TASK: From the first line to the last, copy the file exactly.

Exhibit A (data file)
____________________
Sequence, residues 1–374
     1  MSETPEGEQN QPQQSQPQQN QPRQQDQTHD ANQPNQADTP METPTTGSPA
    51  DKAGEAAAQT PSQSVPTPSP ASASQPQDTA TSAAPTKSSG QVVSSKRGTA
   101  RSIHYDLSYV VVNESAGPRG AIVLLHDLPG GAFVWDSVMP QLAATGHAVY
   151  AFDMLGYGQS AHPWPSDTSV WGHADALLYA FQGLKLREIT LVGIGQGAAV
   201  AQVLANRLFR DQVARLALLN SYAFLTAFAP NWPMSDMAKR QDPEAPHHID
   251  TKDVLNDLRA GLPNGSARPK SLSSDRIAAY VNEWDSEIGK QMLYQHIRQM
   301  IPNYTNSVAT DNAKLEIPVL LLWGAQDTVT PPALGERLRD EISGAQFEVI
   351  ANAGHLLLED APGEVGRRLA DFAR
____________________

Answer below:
Sequence, residues 1–374
     1  MSETPEGEQN QPQQSQPQQN QPRQQDQTHD ANQPNQADTP METPTTGSPA
    51  DKAGEAAAQT PSQSVPTPSP ASASQPQDTA TSAAPTKSSG QVVSSKRGTA
   101  RSIHYDLSYV VVNESAGPRG AIVLLHDLPG GAFVWDSVMP QLAATGHAVY
   151  AFDMLGYGQS AHPWPSDTSV WGHADALLYA FQGLKLREIT LVGIGQGAAV
   201  AQVLANRLFR DQVARLALLN SYAFLTAFAP NWPMSDMAKR QDPEAPHHID
   251  TKDVLNDLRA GLPNGSARPK SLSSDRIAAY VNEWDSEIGK QMLYQHIRQM
   301  IPNYTNSVAT DNAKLEIPVL LLWGAQDTVT PPALGERLRD EISGAQFEVI
   351  ANAGHLLLED APGEVGRRLA DFAR